Going for the Gold One More Time

Instead of nostalgically gazing at a trophy case full of dusty medals, some retired Olympians are going for the gold again.

Track legend Edwin Moses (search), 48, and swimming champ Jeff Rouse (search), 33, are training hard to qualify for the 2004 Athens Games. But while their resolve hasn't faded, do these athletes have a shot to medal in events where being over 30 is considered over-the-hill?

"If they had the same body back when they were great, they’d be better now than then,” said Dr. Bill Clancy, an orthopedic surgeon who once worked for the U.S. Olympic hockey and ski teams. “[But] there are so many individuals out there who are younger and training at the highest level, it’s unlikely they can get back and compete at that level.”

But the doubts don't discourage these athletes who are well aware of the challenges ahead.

"My goal is the Olympic Trials standard. I'm totally realistic about what I think I can do," Moses, a two-time Olympic gold medalist in the 400-meter hurdles, said when announcing his comeback Aug. 31. "I think I have the power mentally. The question is going to be physically will it be able to happen."

Moses announced his return to the track on his 48th birthday and the 20th anniversary of his last world-record run, still the second-best time in history.

And after six dry years, three-time Olympic medal-winning swimmer Jeff Rouse (search) said he's hoping to make the 2004 team.

“I got curious about what it would be to compete again, how fast could I swim ... what it would be like at an advanced age with so much time off?" he said. "The driving factor is to discover some of the answers to these questions.”

Moses too emphasized that the mind is an all-important muscle for athletes. "The mind drives the body in athletics. You can be the strongest guy in the 100 meters and come in dead last," he said.

That craving to compete is a major motivation for athletes to make a comeback, said Deborah Graham, a sports psychologist who counsels pro athletes.

“When they go on to do other things, they may have satisfaction but don’t get the same feelings they had in competition,” she said. “Where else can you get that high of competition, especially at the elite level?”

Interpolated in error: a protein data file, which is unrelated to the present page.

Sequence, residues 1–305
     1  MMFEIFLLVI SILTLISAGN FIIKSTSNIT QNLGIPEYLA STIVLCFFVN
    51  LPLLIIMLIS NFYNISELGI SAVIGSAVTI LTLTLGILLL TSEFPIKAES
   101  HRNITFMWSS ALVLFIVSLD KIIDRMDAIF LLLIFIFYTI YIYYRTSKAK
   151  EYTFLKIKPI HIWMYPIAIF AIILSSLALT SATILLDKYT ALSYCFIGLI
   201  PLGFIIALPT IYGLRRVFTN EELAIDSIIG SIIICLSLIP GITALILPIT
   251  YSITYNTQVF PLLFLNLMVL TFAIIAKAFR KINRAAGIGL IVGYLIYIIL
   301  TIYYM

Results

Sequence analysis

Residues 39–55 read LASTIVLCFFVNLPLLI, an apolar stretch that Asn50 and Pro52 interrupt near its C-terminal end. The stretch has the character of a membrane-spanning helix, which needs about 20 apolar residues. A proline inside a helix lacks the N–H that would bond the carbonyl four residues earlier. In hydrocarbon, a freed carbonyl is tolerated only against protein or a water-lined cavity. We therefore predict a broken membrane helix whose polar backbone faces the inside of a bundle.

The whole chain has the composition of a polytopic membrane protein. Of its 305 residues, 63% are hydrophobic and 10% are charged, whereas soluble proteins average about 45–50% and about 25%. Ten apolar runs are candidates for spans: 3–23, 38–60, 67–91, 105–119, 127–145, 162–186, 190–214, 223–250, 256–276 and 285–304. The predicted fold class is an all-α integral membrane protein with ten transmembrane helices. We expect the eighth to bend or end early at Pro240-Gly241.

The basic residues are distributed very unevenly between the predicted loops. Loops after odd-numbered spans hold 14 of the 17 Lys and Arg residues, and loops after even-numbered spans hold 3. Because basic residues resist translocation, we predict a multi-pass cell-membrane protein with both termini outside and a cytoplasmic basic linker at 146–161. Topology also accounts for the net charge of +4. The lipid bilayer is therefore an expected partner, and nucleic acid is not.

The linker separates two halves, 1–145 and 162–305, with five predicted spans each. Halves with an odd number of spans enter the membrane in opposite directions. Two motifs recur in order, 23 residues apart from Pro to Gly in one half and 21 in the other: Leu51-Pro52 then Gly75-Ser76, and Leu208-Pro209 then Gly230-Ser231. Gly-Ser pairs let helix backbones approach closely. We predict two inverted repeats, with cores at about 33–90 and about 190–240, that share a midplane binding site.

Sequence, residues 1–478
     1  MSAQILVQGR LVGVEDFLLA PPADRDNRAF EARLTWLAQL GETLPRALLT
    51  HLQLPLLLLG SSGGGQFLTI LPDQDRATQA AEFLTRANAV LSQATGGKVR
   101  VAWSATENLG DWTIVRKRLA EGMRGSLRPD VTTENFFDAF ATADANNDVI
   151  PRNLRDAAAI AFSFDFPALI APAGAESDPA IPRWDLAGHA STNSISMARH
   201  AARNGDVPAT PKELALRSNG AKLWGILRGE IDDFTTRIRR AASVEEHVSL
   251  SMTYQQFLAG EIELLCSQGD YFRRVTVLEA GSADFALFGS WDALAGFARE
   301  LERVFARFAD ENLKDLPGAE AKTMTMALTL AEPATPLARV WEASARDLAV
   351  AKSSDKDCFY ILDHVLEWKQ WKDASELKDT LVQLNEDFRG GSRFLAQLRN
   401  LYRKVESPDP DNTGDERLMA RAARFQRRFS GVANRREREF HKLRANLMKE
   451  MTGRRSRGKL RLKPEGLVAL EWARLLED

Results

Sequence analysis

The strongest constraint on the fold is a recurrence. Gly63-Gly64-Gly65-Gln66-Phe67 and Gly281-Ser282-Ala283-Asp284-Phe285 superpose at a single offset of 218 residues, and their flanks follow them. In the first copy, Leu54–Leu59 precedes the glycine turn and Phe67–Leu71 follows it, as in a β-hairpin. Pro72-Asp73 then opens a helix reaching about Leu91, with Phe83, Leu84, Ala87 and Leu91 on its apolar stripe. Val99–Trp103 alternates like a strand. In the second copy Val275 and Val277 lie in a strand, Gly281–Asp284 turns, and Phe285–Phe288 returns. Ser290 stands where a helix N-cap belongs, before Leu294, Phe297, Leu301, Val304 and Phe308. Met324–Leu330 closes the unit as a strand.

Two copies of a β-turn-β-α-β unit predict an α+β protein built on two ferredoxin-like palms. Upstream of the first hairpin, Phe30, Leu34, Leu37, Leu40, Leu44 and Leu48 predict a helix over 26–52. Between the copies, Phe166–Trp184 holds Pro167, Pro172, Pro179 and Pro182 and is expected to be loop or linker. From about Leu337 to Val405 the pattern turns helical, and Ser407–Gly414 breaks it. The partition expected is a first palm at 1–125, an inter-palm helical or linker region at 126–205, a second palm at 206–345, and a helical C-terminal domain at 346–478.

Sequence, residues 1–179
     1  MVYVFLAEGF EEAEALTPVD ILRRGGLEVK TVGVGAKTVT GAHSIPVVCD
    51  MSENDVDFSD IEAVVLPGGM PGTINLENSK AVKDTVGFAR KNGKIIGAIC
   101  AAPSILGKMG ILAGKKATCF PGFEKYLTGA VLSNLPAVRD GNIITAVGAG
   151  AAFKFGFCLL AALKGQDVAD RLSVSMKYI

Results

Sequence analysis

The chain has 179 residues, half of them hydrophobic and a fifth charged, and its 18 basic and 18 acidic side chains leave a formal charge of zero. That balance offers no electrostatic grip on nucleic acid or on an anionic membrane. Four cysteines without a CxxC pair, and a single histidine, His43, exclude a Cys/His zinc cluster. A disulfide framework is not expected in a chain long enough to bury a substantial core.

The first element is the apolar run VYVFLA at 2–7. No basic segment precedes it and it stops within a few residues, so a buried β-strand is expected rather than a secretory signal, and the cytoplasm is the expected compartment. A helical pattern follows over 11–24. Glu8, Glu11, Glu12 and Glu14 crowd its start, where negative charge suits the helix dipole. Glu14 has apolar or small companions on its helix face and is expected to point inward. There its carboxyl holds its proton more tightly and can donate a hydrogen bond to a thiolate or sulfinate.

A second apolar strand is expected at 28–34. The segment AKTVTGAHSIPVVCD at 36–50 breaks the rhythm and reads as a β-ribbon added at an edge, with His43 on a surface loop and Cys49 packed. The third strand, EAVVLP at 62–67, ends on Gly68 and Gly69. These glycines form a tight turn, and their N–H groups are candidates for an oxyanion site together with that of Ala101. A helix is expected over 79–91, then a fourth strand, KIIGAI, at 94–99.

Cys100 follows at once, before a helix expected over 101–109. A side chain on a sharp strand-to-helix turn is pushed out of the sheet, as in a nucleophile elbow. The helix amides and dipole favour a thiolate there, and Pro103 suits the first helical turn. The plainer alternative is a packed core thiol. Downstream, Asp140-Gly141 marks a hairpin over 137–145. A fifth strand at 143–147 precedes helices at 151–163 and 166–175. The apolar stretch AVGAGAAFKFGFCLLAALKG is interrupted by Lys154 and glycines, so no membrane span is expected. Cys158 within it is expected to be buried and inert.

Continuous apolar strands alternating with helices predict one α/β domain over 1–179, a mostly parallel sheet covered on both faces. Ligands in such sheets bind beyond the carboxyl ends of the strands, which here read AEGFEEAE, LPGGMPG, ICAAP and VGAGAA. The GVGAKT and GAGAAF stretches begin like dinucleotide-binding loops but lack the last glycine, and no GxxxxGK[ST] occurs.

U.S. swimmer Dara Torres (search) knows all about the longing for competition. She medaled in three Olympic games, in 1984, 1998 and 1992, and then retired. But after seven years out of the pool Torres got an itch for swimming that only the highest form of competition could scratch.

She returned to a grueling training schedule and qualified for the 2000 Sydney games.

“I had a huge advantage; I had been there before, I was older, I could handle it," she said.

While some of Torres' competitors were practically young enough to be her children, that was no deterrent, she said, recalling a 15-year-old swimmer who remarked, “I wasn’t even born when you swam in your first Olympics.”

But age didn’t matter when the starting pistol fired: The then 33-year-old won five medals.

Rouse, who held the world record in the 100-meter backstroke for eight years, also sees an advantage to having a few years on his competitors.

“I’m much less scared now,” he said. “I have nothing to lose. I want to make the Olympic team and I wouldn’t be doing it if I didn’t think I could make it.”

But returning champions going head-to-head with younger athletes face the potential of an embarrassing knockdown from their previous pedestal.

Swimmer Mark Spitz (search), who won an all-time record seven gold medals in the 1972 Olympics, tried to qualify for the 1992 summer games in Barcelona. But Spitz, then 41, failed to qualify.

While Clancy said the likelihood that a runner as old as Moses will qualify for the 2004 games is slim, it's inspirational to see him try.

"Everyone has their own personal challenges they want to do, and if he succeeds people will be shocked and think, ‘How can he do that at this age?'" he said. "It’s very inspiring to middle-age people who think they are over-the-hill.”